Have the Patriots run afoul of the league with bizarre GM search?

Have the Patriots run afoul of the league with bizarre GM search? originally appeared on NBC Sports Boston

The New England Patriots have a promising first-year head coach in Jerod Mayo and a potential franchise quarterback in rookie Drake Maye. But there's still one question worth asking: What the heck are they doing in their front office?

Director of scouting Eliot Wolf has been the Patriots' de facto general manager since they parted ways with Bill Belichick in January, leading the team through a critical NFL free agency period and arguably their most important draft in four decades.

But because Wolf was never given the official GM/lead football executive title, New England now needs to conduct a formal GM search after the draft to comply with the Rooney Rule, which states that all NFL teams must interview at least two minority candidates for head coach, general manager, and executive positions.

As our Phil Perry and Tom E. Curran have reported, Wolf is a virtual lock to be given the Patriots' lead front office executive title, which means New England essentially is conducting what could be seen as a fake job search process that some potential candidates already have turned down.

Mike Florio of NBC Sports and Pro Football Talk joined Tom E. Curran on a new Patriots Talk Podcast to break down whether the team has, in fact, satisfied the Rooney Rule, and what it means for ownership's involvement in football operations.

🔊 Patriots Talk: Have the Patriots run afoul of the league with GM search? | Listen & Subscribe | Watch on YouTube

"As it relates to the front office, they basically just kicked the can through the draft (with) who was already there," Florio said. "And that's fine, as long as no one in any of those jobs was regarded as the chief football official in the organization.

"Now, the point I made today (is), you can't have it both ways if you're the Patriots. Either Eliot Wolf was in charge and they violated the Rooney Rule by not doing the proper search before giving him final say, or final say rested with ownership. It's one or the other."

The league confirmed to the Boston Herald's Doug Kyed that there wasn't a singular Patriots front office member in charge of personnel prior to the draft, meaning they were compliant with the Rooney Rule. But as Florio explained, that would also mean Patriots ownership -- team owner Robert Kraft and his son, team president Jonathan Kraft -- had final say on personnel decisions.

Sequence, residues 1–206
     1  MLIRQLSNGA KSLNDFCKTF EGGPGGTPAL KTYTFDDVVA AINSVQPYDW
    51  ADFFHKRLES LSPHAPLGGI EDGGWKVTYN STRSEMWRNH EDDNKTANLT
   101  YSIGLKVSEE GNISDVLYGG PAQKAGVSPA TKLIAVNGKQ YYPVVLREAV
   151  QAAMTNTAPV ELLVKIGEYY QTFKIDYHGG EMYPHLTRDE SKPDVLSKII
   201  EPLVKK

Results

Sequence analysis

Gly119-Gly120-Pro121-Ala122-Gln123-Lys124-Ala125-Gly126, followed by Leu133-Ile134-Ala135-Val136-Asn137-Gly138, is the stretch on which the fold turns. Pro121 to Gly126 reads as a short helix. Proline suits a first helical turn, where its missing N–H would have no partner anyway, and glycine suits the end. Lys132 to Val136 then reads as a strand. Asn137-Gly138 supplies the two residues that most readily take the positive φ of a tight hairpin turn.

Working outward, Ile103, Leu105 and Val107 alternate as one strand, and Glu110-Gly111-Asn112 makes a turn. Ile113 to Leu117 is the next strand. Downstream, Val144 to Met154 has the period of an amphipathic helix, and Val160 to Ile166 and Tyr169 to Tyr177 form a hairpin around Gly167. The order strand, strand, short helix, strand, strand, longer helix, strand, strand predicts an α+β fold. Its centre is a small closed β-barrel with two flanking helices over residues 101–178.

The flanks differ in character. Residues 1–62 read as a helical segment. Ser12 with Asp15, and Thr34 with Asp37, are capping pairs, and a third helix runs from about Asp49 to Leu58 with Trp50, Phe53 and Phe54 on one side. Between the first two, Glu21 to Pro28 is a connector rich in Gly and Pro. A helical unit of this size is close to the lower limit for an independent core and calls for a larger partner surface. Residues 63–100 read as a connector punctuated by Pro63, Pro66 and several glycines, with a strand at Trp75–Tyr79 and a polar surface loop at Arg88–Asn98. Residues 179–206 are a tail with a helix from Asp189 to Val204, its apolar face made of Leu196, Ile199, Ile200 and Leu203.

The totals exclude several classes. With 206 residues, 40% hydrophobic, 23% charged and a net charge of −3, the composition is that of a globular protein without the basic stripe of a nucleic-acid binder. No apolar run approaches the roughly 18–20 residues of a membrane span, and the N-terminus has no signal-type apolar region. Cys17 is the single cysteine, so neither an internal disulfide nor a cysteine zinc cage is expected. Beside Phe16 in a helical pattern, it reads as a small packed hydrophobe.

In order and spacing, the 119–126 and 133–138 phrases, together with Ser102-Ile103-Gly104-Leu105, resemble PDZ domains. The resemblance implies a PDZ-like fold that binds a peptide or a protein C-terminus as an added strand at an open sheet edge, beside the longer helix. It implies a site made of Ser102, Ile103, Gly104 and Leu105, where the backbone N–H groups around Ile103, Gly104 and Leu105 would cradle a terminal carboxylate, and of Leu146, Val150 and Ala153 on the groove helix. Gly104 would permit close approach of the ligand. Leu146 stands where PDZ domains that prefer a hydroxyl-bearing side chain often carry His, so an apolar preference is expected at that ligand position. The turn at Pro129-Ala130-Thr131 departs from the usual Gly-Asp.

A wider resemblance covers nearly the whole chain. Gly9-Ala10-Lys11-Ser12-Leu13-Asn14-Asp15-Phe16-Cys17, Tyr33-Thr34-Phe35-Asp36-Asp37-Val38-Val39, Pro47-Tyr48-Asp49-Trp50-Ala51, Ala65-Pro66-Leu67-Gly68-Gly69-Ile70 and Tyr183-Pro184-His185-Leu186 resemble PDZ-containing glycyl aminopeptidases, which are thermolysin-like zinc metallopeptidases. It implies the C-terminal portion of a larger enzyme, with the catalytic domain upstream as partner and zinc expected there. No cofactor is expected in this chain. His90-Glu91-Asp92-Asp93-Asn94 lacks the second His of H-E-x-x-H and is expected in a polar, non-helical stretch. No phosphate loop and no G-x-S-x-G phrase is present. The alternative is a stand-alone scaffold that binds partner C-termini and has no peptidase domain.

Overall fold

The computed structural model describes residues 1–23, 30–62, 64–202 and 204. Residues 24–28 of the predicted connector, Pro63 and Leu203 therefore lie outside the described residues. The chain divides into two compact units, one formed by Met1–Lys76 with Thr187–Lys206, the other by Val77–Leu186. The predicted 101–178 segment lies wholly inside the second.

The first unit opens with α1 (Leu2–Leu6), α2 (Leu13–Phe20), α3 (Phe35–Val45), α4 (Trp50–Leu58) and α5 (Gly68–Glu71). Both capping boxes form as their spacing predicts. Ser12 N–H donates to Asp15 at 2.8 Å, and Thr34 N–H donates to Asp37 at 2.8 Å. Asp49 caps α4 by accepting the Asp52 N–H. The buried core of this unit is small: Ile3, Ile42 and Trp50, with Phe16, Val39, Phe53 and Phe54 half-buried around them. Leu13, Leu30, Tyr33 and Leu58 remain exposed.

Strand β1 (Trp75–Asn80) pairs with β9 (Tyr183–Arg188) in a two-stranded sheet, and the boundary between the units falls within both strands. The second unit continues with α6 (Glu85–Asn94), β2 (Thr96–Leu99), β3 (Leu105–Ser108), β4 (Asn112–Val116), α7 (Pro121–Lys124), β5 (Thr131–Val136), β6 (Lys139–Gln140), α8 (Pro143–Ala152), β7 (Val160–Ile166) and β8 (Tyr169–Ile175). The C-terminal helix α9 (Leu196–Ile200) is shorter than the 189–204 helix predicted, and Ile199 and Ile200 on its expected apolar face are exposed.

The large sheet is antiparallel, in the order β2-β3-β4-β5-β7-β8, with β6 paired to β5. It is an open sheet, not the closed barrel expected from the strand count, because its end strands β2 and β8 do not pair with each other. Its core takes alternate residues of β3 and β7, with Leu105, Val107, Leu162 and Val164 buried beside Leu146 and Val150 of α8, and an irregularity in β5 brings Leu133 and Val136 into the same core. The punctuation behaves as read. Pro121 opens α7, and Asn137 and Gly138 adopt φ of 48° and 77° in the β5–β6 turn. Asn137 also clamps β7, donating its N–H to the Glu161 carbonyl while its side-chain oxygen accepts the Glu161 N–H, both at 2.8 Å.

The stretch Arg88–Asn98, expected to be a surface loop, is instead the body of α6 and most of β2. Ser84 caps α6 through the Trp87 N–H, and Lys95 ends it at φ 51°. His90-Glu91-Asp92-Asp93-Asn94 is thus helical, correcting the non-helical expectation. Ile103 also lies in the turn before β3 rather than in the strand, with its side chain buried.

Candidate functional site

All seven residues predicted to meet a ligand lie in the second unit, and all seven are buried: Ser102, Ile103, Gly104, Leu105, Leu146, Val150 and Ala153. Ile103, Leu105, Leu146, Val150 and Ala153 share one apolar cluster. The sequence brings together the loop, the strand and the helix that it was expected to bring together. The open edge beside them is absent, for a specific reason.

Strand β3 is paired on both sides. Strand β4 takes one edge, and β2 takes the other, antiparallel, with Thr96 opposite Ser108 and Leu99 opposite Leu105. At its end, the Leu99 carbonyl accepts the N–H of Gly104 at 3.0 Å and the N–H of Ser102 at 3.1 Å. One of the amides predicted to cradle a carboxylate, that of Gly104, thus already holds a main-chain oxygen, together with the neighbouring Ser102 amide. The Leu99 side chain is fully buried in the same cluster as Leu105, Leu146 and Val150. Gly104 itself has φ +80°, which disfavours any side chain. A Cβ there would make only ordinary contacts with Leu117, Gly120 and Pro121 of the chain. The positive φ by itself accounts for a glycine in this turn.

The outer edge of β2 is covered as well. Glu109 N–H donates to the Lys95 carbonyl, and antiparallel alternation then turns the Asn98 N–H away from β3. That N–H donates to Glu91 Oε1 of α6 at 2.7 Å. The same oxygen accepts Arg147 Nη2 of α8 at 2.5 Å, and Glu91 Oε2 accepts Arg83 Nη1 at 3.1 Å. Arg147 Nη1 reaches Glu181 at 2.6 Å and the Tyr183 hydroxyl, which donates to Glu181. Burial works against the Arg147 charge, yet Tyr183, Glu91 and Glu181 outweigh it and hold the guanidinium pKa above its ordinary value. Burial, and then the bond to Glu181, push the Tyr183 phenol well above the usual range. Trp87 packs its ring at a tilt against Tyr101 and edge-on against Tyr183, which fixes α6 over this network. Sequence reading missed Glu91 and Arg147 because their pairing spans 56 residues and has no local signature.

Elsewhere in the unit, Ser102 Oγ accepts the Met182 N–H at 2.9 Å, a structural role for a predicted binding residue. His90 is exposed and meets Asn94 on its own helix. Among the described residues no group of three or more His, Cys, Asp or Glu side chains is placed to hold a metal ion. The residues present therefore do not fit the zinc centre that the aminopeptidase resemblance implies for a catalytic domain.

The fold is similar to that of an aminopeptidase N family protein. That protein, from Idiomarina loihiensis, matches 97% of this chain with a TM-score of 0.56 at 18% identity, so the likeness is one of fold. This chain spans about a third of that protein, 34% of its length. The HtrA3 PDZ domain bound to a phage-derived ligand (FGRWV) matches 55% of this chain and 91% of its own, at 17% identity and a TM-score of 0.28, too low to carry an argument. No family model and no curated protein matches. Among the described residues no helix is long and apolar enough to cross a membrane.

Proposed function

The bottom line is this," Florio said. "They either violated the Rooney Rule by giving final say to Eliot Wolf before they should have without doing the search, or ownership was making the call -- not just with (No. 3 overall pick) Drake Maye, but with every draft pick, trades, non-trades, whatever it was."

As Florio noted, this could be a "distinction without a difference," in which the Krafts technically had final say on roster decisions but empowered Wolf and his staff to make whatever football decisions they saw fit. But at the very least, it sounds like the Patriots' approach to this process have raised eyebrows across the league.

"They thought they found a loophole, but they might have outsmarted themselves by painting themselves into this corner where now we're paying attention to it and trying to understand it," Florio said. "I had gotten questions from people with other teams ahead of time, like, 'How did the Patriots avoid complying with the Rooney Rule? They put Eliot Wolf in charge. How did they not comply with the Rooney Rule before they gave him that position?'

" ... I think if we're going to be honest with reality here and we're going to press and see what was really happening, this all might just be elaborate cover for the fact that they thumbed their nose at the Rooney Rule. That might be the truth."

Also in this episode:

  • Tension between Kraft and Belichick

  • How private equity could impact the landscape of the NFL